Columbia’s Pacheco Backs Squash’s Olympic Bid


George WashingtonNew York, NY — In December, Reyna Pacheco, a first-year player at Columbia, travelled to Switzerland to help the World Squash Federation present its case for including squash in the 2020 Olympic Games.

Pacheco joined WSF President N Ramachandran, WSF Chief Executive Andrew Shelly, and top-ranked PSA pro James Willstrop in making the case for squash’s inclusion in the Olympics. Pacheco, who immigrated to the United States from Mexico as a young child,  shared how her experiences with an urban squash program in San Diego had impacted her life. describes how discovering squash was a “defining moment” in Pacheco’s life:

“I came to the United States with my mom and my brother when I was four years old and I think that was hard because we were here knowing that we could be kicked out any day,” said Pacheco. “A lot of immigrants, especially students, don’t feel like they can make it very far because they don’t have the documents to apply for scholarships or school. Because of that I didn’t feel like I could dream very far. I felt like I was limited, but when I was introduced to squash that completely changed my life.”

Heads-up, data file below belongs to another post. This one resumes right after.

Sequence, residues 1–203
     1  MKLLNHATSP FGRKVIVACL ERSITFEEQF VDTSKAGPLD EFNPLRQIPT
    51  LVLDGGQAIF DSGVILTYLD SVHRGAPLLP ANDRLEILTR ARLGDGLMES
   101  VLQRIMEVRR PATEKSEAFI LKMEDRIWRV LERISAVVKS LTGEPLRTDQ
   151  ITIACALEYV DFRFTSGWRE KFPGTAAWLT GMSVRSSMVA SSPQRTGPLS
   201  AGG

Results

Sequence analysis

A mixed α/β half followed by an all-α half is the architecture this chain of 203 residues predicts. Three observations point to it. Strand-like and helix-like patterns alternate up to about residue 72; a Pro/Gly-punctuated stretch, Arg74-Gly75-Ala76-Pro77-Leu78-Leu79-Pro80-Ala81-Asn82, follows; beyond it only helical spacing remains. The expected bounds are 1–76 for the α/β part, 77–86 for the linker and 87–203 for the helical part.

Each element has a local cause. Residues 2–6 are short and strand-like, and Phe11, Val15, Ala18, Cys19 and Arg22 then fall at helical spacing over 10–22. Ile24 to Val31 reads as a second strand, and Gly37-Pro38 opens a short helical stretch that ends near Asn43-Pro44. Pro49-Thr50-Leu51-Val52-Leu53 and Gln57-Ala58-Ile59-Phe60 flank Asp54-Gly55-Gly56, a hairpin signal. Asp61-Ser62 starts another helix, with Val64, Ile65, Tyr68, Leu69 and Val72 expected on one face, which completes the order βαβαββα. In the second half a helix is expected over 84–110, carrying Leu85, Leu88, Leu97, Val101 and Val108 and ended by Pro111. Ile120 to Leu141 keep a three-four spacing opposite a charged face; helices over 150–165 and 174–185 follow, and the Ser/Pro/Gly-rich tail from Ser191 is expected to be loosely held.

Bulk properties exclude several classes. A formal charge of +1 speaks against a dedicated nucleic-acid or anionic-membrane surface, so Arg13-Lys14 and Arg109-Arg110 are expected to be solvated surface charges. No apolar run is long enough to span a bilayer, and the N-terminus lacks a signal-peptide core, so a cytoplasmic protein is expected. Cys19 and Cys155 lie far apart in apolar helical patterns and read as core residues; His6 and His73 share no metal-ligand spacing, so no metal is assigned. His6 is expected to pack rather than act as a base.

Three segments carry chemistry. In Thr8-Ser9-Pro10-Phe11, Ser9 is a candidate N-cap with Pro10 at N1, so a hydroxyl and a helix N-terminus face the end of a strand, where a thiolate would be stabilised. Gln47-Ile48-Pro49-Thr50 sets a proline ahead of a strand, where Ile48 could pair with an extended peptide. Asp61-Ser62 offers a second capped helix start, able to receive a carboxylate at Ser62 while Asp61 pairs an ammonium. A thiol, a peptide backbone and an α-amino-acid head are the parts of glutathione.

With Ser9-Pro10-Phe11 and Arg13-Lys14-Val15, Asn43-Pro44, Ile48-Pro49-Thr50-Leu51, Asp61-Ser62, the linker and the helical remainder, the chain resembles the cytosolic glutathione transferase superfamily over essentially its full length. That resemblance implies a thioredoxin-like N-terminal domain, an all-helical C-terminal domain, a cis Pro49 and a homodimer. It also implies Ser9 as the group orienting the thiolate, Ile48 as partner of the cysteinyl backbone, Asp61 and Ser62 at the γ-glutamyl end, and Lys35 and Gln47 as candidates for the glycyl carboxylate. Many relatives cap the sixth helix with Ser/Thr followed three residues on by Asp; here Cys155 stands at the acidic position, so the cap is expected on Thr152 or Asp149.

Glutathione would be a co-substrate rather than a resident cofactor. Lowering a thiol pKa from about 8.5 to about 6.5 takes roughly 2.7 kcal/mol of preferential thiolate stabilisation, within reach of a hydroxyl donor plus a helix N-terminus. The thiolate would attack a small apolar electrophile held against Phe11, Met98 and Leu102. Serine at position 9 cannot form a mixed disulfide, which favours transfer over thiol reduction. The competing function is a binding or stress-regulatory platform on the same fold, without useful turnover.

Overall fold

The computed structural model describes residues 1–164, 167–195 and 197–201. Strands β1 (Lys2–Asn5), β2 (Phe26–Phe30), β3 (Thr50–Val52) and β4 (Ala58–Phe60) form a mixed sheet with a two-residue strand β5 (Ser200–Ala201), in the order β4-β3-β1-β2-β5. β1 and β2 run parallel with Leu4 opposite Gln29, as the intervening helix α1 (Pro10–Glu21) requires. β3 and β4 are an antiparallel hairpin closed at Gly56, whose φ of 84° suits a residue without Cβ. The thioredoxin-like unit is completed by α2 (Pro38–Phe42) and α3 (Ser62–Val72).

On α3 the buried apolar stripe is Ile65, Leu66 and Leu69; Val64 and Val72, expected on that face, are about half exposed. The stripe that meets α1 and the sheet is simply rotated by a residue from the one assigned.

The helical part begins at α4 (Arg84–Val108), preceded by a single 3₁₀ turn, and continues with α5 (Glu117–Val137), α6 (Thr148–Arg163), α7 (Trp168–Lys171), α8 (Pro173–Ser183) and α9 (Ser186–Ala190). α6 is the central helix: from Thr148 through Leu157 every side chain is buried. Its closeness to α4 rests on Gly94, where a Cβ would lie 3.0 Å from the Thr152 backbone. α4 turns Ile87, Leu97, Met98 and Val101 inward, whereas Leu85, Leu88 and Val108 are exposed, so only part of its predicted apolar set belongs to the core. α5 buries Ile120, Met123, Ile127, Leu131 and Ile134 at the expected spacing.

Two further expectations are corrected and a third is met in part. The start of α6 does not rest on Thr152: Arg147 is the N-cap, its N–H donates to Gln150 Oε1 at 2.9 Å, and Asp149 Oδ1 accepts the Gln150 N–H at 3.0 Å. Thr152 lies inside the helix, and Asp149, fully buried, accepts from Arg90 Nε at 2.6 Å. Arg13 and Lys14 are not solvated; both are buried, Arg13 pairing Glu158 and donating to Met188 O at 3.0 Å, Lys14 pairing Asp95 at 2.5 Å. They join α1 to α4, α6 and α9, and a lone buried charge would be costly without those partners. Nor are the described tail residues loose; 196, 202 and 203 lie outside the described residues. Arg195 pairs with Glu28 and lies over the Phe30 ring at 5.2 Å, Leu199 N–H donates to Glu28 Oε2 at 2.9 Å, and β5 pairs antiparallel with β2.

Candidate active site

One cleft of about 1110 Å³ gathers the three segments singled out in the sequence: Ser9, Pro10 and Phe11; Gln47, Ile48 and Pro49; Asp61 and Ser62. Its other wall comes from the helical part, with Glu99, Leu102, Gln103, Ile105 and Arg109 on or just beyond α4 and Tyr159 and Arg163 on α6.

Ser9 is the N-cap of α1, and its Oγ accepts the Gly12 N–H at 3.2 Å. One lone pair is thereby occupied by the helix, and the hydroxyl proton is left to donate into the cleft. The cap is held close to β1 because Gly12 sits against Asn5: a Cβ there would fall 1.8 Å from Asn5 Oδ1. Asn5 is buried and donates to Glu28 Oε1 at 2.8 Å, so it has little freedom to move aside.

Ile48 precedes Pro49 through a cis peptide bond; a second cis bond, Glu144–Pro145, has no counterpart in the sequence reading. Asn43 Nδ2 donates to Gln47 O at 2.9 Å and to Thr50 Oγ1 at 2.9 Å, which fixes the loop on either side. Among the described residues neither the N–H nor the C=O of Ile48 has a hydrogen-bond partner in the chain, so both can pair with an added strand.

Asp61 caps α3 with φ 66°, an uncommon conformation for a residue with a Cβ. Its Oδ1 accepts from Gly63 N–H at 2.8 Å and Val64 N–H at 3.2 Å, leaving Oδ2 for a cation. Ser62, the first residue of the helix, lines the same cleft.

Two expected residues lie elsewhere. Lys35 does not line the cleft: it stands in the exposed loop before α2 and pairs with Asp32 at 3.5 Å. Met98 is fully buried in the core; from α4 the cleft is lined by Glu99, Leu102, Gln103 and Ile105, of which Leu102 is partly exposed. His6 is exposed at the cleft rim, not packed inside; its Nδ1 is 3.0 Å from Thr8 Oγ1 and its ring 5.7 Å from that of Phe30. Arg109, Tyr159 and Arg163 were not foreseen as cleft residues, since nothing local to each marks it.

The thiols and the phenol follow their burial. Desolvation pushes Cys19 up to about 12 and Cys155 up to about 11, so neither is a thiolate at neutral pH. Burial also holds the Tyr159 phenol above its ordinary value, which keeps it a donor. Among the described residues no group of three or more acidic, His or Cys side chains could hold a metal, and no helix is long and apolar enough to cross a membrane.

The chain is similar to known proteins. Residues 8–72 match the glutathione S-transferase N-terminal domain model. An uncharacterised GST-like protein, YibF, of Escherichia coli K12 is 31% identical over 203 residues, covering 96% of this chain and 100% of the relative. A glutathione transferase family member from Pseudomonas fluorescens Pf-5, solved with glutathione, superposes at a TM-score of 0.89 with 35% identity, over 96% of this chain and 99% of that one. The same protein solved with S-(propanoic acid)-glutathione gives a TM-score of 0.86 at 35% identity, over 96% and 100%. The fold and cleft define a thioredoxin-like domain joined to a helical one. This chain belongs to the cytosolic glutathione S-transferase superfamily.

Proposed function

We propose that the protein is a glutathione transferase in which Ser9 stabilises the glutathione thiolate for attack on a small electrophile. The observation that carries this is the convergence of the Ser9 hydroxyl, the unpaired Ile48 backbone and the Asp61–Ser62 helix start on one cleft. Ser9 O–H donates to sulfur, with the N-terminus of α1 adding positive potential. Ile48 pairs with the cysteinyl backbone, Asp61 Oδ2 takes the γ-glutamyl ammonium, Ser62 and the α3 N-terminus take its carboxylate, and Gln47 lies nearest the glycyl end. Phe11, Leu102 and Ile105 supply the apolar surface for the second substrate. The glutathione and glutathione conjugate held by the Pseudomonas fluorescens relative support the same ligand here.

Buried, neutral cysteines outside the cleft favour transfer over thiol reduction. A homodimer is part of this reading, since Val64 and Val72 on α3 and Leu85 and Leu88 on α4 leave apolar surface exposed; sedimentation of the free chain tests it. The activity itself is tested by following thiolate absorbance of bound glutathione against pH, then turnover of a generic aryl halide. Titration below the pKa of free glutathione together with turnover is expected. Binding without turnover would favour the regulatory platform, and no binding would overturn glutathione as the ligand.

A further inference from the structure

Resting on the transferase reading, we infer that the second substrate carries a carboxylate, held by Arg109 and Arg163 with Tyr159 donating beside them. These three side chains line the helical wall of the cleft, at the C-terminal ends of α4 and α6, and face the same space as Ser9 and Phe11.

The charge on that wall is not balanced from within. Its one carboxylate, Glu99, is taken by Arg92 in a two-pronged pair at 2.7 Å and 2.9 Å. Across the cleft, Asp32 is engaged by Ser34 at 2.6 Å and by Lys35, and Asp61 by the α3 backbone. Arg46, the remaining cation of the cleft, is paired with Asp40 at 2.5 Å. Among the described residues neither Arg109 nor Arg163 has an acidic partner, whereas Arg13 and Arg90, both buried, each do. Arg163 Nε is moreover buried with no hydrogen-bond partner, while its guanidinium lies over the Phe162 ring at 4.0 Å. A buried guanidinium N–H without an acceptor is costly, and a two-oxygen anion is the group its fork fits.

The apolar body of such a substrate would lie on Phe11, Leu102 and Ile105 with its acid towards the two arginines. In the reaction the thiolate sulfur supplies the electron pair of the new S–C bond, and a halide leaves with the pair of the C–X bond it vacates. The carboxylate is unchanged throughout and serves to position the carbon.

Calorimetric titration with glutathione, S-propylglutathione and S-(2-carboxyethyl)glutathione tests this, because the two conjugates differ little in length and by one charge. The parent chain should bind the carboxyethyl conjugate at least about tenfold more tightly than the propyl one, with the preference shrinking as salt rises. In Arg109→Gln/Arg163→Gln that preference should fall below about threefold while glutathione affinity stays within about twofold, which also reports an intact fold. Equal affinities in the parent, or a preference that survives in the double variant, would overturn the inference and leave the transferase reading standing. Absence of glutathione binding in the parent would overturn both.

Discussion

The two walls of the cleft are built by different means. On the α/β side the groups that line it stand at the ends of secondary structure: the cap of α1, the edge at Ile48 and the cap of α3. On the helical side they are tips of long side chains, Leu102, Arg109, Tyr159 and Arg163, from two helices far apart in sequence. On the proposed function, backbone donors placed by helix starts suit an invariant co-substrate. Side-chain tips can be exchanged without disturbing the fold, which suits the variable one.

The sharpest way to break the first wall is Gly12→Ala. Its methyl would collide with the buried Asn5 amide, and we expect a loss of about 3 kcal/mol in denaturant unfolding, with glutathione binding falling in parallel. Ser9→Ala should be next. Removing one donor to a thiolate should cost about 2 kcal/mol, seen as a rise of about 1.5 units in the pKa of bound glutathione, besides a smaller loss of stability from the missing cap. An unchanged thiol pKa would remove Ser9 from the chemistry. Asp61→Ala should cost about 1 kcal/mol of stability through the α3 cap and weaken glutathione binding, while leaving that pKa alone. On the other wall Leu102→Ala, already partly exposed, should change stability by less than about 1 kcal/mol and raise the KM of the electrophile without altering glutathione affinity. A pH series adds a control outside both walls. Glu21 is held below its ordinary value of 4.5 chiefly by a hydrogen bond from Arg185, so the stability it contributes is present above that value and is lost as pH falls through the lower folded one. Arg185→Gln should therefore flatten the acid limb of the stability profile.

Squash was introduced to Pacheco in her early teenage years when a former Ivy League squash program director left his position to develop an urban squash program in San Diego, Calif. At a time when she was struggling in school and just the thought of attending college was daunting, squash entered her life and gave Pacheco an avenue to pursue something she enjoyed with a new drive.

“I didn’t understand how people could ask me to believe in something four years from now when I was struggling to live everyday. For me, the fact that someone would believe in me and say that you have the ability to do this led me to try out. When I got into the program, I just fell in love with everything about squash. It taught me things I couldn’t learn in a classroom: respect, commitment, dedication and hard work,” commented Pacheco.

Pacheco, a recipient of a Gates Millennium Scholarship, eventually applied to and was accepted at Columbia, where she has made an “instant impact” on the team.

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